How to Think About the Ukrainian Refugee Crisis, in Maps and Charts

In the weeks since Russia invaded Ukraine, almost three million of the country’s 44 million residents have left the country.

The rate of the Ukrainian exodus is unprecedented in recent history. Europe’s response to the crisis has been similarly remarkable — both in its immediate generosity as well as in contrast to how poorly many European countries have treated refugees from Africa and the Middle East.

The Syrian refugee crisis shows how quickly public sympathy can wane. In 2015, newspapers published a photo of Alan Kurdi, a 2-year-old Syrian boy who drowned while his family was trying to cross the Mediterranean Sea to escape the country’s civil war. Widespread outrage led to a hundredfold increase the following week in the number of donations to a Red Cross fund for Syria.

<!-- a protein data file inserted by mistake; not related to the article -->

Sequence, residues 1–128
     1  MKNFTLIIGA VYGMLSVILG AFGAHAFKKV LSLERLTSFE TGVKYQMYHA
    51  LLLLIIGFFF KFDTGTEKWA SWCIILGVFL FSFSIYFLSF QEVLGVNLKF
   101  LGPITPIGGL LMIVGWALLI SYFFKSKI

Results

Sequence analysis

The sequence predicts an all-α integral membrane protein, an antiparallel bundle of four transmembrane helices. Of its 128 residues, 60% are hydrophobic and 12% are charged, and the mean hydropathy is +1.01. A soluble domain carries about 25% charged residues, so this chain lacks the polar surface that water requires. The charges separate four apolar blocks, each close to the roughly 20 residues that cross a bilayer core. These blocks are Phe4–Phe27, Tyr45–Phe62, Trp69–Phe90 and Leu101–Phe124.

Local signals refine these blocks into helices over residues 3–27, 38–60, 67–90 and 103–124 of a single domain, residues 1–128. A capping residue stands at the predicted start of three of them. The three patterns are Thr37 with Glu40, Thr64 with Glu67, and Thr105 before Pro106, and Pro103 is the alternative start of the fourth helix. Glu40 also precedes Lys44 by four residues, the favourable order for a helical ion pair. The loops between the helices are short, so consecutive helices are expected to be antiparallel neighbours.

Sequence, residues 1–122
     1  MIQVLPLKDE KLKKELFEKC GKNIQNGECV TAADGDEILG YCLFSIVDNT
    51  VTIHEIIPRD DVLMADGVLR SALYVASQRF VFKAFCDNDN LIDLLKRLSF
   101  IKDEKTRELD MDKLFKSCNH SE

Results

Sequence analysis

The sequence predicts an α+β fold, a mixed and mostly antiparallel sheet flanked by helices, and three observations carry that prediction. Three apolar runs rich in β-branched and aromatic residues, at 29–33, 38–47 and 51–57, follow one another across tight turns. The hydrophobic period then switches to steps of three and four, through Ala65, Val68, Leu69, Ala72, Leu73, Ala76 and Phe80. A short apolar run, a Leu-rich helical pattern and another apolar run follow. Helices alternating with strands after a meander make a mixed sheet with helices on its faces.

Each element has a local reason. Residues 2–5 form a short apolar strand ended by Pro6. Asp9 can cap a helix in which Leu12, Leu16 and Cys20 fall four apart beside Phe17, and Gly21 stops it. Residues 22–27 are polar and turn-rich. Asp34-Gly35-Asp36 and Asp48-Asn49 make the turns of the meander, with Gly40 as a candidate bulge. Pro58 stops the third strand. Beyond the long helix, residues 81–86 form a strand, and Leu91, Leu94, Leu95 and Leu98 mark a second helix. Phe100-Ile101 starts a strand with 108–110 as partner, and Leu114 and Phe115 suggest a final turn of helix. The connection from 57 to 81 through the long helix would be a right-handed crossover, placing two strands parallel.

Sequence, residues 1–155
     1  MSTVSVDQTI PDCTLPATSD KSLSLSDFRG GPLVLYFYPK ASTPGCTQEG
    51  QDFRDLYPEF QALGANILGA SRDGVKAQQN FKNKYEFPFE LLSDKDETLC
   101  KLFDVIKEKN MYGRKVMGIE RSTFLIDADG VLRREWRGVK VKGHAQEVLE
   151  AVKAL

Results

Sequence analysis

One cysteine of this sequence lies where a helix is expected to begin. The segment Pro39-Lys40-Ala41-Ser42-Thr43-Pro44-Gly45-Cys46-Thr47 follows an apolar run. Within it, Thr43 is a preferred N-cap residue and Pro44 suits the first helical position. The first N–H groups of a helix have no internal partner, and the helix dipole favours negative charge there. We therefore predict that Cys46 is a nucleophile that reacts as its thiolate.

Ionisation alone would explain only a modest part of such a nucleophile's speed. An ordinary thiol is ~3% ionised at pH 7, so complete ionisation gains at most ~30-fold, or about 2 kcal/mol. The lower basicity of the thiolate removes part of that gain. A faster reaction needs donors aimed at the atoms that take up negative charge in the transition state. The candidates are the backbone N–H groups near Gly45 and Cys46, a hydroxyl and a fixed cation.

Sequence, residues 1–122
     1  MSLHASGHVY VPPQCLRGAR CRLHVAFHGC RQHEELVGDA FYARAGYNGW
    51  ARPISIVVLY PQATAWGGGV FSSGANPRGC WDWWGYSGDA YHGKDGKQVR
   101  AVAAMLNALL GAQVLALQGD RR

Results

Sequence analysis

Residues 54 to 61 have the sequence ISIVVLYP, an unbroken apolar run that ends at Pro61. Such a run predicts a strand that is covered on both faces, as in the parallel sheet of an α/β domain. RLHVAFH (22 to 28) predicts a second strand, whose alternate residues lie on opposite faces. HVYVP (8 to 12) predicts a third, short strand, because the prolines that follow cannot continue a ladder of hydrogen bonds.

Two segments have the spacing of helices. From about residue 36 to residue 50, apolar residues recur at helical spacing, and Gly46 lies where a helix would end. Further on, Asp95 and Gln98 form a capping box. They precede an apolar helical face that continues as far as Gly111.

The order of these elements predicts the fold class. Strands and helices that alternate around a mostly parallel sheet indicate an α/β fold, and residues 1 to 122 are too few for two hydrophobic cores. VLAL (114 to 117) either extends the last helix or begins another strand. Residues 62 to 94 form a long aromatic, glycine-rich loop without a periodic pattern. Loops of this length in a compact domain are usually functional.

Within two months, however, donations had dropped back down to a trickle. Even when people are confronted with powerful, graphic images, their attention dissipates after a few weeks, said Paul Slovic, a psychology professor at the University of Oregon who has studied the “psychic numbing” that can occur after tragedies.

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